Willard Brown of Kansas City Monarchs The Last Player To Hit .400

Published on February 17th, 2024 5:51 pm EST
Written By: Dave Manuel

Hitting legends in the game of baseball. In 1948, Willard Brown of the Kansas City Monarchs hit .408 to join the club of hitters who had posted an average of .400 or more in a single season.

Prior to that, a number of players had broken the .400 mark in a single season. This includes the likes of Ted Williams, Jud Wilson and Buddy Burbage.

Prior to 1950, hitting .400 in a single season wasn't that big of a deal.

In fact, dozens of players accomplished the task.


Since 1948, NOBODY has managed to hit .400 in a single season.

Tony Gwynn is the closest that anybody has come to hitting .400 since 1948.

In fact, the strike that season may have robbed fans of seeing a .400 season.

Prior to the work stoppage, Gwynn was batting .394, and if there was any hitter who could have maintained that consistency over the rest of the season, it was Tony Gwynn.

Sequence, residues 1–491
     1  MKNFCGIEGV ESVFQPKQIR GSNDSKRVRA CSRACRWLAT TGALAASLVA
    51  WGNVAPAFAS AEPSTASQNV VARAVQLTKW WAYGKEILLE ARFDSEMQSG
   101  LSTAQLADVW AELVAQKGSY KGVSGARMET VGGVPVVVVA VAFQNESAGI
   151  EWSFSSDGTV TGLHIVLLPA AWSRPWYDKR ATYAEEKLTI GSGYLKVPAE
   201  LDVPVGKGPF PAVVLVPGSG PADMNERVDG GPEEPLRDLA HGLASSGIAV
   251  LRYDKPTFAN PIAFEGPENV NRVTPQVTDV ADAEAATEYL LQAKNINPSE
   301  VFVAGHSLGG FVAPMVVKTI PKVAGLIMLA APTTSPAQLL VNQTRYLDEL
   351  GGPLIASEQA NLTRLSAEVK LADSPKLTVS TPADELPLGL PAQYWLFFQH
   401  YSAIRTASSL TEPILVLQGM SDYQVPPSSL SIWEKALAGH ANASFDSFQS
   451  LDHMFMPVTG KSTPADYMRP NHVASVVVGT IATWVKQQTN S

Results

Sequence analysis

George Brett also came close in 1980, as he finished the season with a .390 batting average. Brett was hitting .400 with just a dozen games left in the year, though he ended up falling a bit short.

Two other players - Ted Williams and Rod Carew - made runs at a .400 average, though both fell just short. Williams hit .388 in 1957, while Carew hit .388 in 1977.


The fact of the matter is that the pitching is much better in today's Major League Baseball.

Plus, the aggressive use of relief pitchers makes it much harder to hit .400, as opposing teams will constantly look to put their opponent's best hitters in sub-optimal situations.

Back in the early days of Major League Baseball, teams would simply leave their starting pitcher out for most or all of the game, even if they were getting shallacked, which led to some inflated averages.

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